One of the main reasons behind our society’s repeated collapses into economic depression is ‘avarice’ both at the level of the individual and the level of institutions. And cars are one of those talismanic commodities that have come to represent conspicuous consumption. The calculable savings that limited usage of cars would bring an average American household will serve to alleviate the economic crisis in two ways. First, the money saved by households can be utilized for buying other essential commodities, thereby stimulating the economy. Second, it will instill a culture of collective common good as opposed to selective individual gain, for, after all, the public transport system is where people from all walks of life and different ethno-cultural backgrounds share common space. This will bring about a culture of camaraderie and solidarity among our citizens. Indeed, based on the success of the Occupy Wall Street movement, it is not outlandish to imagine a similar movement for reduced use of fossil fuels, via the reduced use of cars. More importantly, such a change in public attitudes and government policies, will mitigate impending climate disaster. We owe it to ourselves and to the humanity of the rest of the world to create this revolution, restore a functioning economy and also save the planet.
Comparison between My Modest Proposal and Jonathan Swift’s A Modest Proposal:
There are several differences between the classic pamphlet ‘A Modest Proposal’ by Jonathan Swift and its modest imitation by yours truly. Firstly, the literary skill and astuteness of logic employed by Jonathan Swift is superior to that of mine. Swift was a litterateur par excellence and he possessed knowledge in political science, economics, law, history and literature. Such depth in knowledge is clearly evident in the pamphlet. Moreover, the most alluring aspect of the work is its dark satire and its wry, sarcastic sense of humor. It is with humility that I admit that neither my knowledge, nor my skill or sense of humor measure up to that of the illustrious counterpart. Yet, I’ve tried to capture the spirit and essence of Swift’s early 18th century masterpiece in my own work. What follows is a comparison.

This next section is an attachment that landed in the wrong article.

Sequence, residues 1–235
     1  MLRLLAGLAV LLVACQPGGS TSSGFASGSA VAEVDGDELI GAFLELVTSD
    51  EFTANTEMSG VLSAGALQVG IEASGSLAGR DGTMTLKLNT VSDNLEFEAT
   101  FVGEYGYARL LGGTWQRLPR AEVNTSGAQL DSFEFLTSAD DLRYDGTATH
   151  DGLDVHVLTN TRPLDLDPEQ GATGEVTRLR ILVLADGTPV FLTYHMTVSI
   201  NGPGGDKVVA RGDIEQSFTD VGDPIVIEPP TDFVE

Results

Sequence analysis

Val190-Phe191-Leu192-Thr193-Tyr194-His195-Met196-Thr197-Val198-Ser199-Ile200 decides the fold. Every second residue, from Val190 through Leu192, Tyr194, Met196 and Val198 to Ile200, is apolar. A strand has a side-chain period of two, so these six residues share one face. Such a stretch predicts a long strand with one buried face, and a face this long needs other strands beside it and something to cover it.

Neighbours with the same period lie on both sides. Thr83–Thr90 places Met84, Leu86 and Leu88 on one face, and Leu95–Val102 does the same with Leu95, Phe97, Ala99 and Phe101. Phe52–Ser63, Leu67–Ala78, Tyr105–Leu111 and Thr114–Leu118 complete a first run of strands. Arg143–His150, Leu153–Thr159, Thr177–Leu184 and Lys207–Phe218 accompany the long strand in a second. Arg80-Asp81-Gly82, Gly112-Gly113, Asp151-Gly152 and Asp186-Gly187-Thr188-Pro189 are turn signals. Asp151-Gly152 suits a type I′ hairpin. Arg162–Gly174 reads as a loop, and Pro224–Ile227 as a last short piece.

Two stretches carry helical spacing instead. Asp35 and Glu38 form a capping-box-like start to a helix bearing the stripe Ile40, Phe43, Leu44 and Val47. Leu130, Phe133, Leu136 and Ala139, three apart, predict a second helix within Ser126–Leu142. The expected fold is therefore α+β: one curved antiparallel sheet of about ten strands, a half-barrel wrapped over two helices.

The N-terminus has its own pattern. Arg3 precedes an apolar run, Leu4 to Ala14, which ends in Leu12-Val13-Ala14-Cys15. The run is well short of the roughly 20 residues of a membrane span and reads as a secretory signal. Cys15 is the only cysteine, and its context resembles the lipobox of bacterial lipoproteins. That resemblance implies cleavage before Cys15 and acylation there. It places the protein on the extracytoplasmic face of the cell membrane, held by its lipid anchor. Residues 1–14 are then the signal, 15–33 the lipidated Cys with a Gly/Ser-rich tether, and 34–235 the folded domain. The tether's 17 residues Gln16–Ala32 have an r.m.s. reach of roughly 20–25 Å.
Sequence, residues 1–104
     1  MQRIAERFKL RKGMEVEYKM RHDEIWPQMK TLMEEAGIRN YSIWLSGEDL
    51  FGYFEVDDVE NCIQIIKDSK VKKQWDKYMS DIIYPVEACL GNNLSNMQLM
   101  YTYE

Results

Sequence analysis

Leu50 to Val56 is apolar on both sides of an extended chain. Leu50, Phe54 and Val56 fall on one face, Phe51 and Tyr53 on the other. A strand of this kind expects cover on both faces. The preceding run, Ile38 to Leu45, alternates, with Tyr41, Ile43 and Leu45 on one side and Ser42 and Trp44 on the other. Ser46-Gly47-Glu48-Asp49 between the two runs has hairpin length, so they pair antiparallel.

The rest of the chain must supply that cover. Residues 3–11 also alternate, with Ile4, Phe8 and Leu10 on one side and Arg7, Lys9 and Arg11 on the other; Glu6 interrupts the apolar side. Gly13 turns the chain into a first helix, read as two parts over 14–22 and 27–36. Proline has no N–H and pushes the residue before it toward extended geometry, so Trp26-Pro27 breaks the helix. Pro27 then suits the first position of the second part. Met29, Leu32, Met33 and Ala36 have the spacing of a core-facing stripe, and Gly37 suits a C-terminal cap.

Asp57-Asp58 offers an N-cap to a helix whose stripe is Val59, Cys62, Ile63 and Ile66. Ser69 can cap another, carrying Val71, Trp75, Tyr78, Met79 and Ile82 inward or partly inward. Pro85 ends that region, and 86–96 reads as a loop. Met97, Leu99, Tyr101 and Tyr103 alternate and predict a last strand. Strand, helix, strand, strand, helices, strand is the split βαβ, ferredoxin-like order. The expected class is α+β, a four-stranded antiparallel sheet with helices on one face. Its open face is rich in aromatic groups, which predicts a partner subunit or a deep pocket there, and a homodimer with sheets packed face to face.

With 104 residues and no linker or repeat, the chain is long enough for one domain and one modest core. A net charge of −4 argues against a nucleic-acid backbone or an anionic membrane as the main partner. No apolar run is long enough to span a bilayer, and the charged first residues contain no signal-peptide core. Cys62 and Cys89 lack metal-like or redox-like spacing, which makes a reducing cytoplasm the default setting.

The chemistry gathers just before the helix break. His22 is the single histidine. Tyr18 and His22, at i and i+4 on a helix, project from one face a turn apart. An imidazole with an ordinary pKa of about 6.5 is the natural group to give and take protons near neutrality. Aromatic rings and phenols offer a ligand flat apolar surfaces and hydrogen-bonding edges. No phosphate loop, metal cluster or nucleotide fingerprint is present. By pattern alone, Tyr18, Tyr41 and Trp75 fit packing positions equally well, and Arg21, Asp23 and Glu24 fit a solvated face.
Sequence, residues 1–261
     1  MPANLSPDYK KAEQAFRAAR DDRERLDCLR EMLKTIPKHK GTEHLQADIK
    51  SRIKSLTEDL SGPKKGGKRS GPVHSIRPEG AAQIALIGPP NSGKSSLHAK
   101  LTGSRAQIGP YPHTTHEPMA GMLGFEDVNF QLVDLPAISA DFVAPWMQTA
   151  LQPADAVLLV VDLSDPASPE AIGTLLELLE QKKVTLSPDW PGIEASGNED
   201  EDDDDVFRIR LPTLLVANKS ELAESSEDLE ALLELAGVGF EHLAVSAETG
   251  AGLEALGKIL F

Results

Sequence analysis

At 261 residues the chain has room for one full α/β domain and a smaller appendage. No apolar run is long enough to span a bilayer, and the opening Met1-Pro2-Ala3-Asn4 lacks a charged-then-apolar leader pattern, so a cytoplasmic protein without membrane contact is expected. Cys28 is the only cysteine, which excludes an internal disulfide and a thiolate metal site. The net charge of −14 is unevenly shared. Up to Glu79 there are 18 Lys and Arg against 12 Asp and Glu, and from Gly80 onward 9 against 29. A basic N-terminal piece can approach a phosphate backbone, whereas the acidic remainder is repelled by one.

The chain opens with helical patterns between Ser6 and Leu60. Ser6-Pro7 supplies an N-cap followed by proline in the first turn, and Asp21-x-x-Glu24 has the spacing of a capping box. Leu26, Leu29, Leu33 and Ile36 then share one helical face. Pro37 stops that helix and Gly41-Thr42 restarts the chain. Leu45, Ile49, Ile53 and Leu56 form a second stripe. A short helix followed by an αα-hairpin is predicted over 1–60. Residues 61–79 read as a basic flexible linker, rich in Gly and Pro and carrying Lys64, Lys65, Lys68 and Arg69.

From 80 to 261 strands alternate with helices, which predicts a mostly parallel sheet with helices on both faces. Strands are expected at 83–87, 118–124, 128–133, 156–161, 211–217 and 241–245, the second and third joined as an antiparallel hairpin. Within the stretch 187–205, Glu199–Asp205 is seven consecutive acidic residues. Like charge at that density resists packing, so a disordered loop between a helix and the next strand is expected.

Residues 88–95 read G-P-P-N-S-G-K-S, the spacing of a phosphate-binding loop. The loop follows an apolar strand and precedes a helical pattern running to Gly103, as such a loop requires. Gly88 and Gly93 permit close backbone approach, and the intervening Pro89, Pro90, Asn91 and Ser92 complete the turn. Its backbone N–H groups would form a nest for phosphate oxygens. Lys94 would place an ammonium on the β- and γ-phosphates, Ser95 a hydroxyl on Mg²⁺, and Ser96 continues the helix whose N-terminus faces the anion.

Both the works address a pressing social problem of their respective time periods. The ongoing economic slowdown is comparable in scale to the problems of acute poverty in early 17th century Ireland. Although the United States is the most prosperous nation in the world, it also has sizeable population living below the poverty line – a condition exacerbated by periodic economic depressions and recessions. Hence, in many ways, Swift’s ‘A Modest Proposal’ is applicable word by word to the American case. It is difficult to imagine what sort of reaction the American press would give if the famous pamphlet were to be released today. But ‘shock’, ‘outrage’, ‘insensitive’, ‘perverted’ would be the likely descriptions for it. On the other hand, the proposal written by me does not contain any inhumane or shocking idea like treating babies as culinary delicacies. Its basic attack is on a conservative ideology that fosters business interests at the cost of the common public good. Hence my proposal might be brushed aside as communist or left-wing propaganda. It will receive all the contempt that such literature is known to get historically. In this sense, contemporary reactions to the two written in question will be different.